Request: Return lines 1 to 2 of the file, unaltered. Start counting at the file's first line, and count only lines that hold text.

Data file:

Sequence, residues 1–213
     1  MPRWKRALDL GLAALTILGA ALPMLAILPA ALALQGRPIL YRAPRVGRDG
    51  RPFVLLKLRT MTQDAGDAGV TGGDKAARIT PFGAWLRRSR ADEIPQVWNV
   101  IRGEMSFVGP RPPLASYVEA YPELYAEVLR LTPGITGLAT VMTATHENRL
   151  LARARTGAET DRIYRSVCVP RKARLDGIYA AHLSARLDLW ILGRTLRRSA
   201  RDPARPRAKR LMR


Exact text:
Sequence, residues 1–213
     1  MPRWKRALDL GLAALTILGA ALPMLAILPA ALALQGRPIL YRAPRVGRDG